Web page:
Sunday April 21 | 11am
One Love or War?: Peace and Violence in the Life and Songs of Bob Marley
Talk Presented by Brent Hagerman, PhD, Department of Religion and Culture and the Faculty of Music, Wilfrid Laurier University
April 22 marks the 35th anniversary of the One Love Peace Concert in Kingston, Jamaica, an historic event that offered a brief respite from the political violence in the island’s capital. The iconic image taken at this concert of Bob Marley standing between the Prime Minister and Leader of the Opposition with their hands entwined has come to symbolize Marley’s music and life for many of his fans. Because of this image and popular songs such as “One Love” and “Three Little Birds,” it has become fashionable among scholars, popular writers and fans to represent Marley as a sort of peacenik with a streamlined message of peace, love and unity for the world. With this in mind, though, how are we to make sense of Marley’s lyrics, interviews and actions that suggest otherwise? Marley once told an interviewer that if he was not a musician he would be a revolutionary; in “Talking Blues” he sings, “I feel like bombing a church because I know the preacher is lying”; and a former manager testified in court that Marley forced him to cancel their contract at gunpoint. This presentation examines these two prevalent representations of Bob Marley in popular culture-the icon of peace versus the revolutionary-and contends that although his legacy is often reduced to an essential meaning such as peace promoter or an advocate of violence, Marley’s views on peace and violence need to be understood using his religious faith in Rastafari, his socio-political background and the struggle for decolonization.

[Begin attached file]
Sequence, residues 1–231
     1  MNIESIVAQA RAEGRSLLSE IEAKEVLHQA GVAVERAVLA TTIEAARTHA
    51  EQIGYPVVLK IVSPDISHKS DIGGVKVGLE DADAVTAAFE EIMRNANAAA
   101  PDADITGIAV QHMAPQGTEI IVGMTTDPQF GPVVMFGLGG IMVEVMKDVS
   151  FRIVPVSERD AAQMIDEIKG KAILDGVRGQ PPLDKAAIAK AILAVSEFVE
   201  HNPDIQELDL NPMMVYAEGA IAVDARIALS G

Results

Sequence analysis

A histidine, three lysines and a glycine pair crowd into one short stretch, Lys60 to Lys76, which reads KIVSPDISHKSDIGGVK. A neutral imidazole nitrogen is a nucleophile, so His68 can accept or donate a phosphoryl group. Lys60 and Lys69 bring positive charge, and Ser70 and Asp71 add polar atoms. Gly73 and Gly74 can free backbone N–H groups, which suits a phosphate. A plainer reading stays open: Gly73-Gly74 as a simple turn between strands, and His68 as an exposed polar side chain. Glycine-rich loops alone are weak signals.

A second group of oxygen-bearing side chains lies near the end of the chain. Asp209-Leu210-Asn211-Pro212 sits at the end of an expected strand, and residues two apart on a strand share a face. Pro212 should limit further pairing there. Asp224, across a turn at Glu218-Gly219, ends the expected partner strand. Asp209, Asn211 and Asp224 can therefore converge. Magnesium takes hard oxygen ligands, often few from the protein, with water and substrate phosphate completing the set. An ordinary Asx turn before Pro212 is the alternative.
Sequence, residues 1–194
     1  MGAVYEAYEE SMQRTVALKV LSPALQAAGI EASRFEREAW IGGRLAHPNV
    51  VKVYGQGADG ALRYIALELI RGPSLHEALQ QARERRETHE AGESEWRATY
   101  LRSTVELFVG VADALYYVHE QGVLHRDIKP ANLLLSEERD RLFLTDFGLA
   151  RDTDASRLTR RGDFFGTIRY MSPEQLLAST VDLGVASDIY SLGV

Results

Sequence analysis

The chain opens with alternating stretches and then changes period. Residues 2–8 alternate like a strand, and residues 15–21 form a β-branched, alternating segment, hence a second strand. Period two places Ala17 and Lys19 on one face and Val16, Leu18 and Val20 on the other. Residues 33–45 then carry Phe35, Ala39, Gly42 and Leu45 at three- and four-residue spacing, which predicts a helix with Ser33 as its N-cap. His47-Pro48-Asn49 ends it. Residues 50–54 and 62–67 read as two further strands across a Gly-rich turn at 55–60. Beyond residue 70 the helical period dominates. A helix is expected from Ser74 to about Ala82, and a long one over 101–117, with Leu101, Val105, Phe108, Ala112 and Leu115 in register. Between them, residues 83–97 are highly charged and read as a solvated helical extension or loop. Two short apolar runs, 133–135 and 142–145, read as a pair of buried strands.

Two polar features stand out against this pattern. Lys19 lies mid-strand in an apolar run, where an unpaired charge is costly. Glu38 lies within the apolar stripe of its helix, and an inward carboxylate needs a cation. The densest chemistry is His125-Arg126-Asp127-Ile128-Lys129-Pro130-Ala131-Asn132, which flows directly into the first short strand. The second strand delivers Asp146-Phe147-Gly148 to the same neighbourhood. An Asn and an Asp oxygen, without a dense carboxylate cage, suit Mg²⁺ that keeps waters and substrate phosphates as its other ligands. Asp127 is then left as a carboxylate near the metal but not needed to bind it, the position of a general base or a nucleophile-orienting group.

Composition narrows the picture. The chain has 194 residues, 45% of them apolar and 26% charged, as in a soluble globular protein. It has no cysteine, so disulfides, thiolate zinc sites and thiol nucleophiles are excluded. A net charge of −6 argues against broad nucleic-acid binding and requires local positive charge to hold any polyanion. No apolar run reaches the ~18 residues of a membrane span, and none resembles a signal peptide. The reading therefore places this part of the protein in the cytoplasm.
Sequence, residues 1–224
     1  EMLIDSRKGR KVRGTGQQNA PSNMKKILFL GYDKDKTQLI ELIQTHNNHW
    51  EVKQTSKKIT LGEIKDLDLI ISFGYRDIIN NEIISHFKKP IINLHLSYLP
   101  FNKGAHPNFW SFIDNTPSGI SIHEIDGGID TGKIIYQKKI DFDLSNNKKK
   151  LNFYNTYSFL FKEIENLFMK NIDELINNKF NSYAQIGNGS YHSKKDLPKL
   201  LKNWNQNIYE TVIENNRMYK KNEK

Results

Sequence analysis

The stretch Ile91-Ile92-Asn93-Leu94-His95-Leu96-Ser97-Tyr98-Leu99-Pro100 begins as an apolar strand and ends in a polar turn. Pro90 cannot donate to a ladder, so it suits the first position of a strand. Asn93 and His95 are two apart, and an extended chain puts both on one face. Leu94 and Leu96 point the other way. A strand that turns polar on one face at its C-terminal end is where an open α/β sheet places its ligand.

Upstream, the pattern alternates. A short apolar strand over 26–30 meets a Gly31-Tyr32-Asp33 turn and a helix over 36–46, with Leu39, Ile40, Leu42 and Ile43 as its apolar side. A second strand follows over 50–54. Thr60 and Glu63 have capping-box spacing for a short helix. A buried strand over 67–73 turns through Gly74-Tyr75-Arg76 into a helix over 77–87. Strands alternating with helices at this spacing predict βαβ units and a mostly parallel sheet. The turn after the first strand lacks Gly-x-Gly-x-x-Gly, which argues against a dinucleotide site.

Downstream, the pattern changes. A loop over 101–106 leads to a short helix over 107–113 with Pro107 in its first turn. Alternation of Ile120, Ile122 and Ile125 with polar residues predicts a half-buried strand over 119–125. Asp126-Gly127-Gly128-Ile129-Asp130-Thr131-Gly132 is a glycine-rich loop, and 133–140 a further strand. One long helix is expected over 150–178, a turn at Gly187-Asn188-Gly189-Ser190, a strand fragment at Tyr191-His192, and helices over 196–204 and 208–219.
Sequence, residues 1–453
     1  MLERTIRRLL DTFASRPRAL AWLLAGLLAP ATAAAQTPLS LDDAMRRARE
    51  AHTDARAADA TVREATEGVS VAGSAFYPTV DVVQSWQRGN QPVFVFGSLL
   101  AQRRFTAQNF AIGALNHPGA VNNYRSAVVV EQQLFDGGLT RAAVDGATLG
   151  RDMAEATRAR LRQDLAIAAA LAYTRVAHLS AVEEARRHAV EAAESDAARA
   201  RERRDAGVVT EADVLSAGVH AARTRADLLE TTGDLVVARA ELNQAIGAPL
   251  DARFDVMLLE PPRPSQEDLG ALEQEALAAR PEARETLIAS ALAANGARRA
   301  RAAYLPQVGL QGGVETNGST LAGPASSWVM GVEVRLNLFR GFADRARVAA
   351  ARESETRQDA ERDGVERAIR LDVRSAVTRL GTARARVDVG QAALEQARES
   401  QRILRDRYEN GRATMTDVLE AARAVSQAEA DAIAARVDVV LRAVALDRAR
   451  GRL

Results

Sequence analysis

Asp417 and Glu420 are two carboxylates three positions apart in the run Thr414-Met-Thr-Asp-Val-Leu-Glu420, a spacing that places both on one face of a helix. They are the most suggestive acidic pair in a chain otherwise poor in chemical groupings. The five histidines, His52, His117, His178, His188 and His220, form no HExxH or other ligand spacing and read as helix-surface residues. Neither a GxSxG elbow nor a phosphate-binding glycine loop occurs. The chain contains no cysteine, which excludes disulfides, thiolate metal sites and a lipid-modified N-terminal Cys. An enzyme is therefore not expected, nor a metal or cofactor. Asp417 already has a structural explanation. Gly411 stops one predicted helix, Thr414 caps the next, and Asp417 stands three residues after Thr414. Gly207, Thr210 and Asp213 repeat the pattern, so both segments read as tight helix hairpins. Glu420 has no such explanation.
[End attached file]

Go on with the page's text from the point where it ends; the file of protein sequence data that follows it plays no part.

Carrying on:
*This talk is free with admission!